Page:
MELBOURNE Jan 15 (Reuters) - The thought of playing a long match in the extreme Melbourne heat resulted in a sleepless night for Serena Williams, but the world number one need not have worried as she strode swiftly into the Australian Open third round on Wednesday.
The American, trying to win the title for a sixth time, dispatched Vesna Dolonc of Serbia 6-1 6-2 in just over an hour on Rod Laver Arena before scurrying back to the cool sanctuary of the locker room.
"I kept waking up in the middle of the night last night, just paranoid," Williams told reporters of her disrupted sleep.
"I just wanted to stay hydrated. The last thing I want to do is to cramp in this weather. It can happen so easy. I was just drinking a tremendous amount of water."
With temperatures topping 40 degrees Celsius (104 Fahrenheit) for a second successive day, Williams was never troubled by the world number 104 and cruised to victory.
On Tuesday, defending champion Victoria Azarenka said being on court was like "dancing in a frying pan", while Canada's Frank Dancevic slammed organisers for forcing players to compete in inhumane conditions after losing his first round match.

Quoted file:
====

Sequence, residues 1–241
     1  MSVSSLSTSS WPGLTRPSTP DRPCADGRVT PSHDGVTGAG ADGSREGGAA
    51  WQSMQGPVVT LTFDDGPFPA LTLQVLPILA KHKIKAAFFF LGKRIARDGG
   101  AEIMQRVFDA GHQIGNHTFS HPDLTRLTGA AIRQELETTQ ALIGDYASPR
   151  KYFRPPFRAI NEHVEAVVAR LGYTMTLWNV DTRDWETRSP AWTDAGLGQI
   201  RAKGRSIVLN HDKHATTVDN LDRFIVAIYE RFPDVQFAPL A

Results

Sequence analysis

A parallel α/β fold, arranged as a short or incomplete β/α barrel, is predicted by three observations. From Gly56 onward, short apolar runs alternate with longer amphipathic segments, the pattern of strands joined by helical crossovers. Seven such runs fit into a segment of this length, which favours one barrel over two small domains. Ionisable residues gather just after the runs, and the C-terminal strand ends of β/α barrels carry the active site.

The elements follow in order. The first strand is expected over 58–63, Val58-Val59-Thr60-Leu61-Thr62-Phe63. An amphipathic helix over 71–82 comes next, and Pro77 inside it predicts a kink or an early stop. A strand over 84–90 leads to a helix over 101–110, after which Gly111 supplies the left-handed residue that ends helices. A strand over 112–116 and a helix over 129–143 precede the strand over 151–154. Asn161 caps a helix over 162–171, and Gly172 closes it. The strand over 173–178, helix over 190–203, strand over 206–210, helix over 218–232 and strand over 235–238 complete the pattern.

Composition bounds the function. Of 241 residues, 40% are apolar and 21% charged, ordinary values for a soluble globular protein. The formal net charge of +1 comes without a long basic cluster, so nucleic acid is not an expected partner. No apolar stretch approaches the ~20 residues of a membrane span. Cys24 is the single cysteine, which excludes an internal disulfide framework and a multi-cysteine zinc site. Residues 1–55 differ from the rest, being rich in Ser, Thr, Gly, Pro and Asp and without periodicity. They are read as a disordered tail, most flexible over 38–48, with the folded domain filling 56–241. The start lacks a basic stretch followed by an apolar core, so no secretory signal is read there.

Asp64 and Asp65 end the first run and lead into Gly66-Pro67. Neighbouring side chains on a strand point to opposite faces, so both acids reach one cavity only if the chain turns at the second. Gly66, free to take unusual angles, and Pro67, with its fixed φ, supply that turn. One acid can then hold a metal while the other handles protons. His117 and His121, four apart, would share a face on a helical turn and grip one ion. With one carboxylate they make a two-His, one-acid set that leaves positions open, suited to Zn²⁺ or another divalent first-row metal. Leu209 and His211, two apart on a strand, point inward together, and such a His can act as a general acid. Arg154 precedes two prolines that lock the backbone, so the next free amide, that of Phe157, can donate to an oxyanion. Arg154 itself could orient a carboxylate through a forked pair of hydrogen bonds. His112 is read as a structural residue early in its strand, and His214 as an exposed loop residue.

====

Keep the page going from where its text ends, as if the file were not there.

Williams said she tried not to change her game-plan because of the conditions and said the weather was just about bearable.
"I think I probably feel it more in my head, not necessarily in my chest," she said of the heat. "But so far I have been OK.
"I have been training for a long, long time in the heat in Florida and I have been coming to Melbourne for years and years.
"So you just have to be ready for those hot conditions and just try to get through it.
"I think the conditions today in my match was OK. I wasn't here yesterday. I heard they were a little bit extreme (but) I didn't really even go outside yesterday. For my match today, it was OK to play."
The victory was her 60th in the main draw at the tournament, which tied her with Australian Margaret Court for the most wins in the event's Open era.
Williams, who now plays either 31st seed Daniela Hantuchova of Slovakia or Czech Karolina Pliskova, said the heat can affect players differently on any given day.
"That definitely can be true, she said. "I'm not sure. Sometimes my body just says 'no' to hot weather. Sometimes I have no reaction.
"I'm just happy that I was able to play today before it got super hot and it felt really good." (Editing by Patrick Johnston)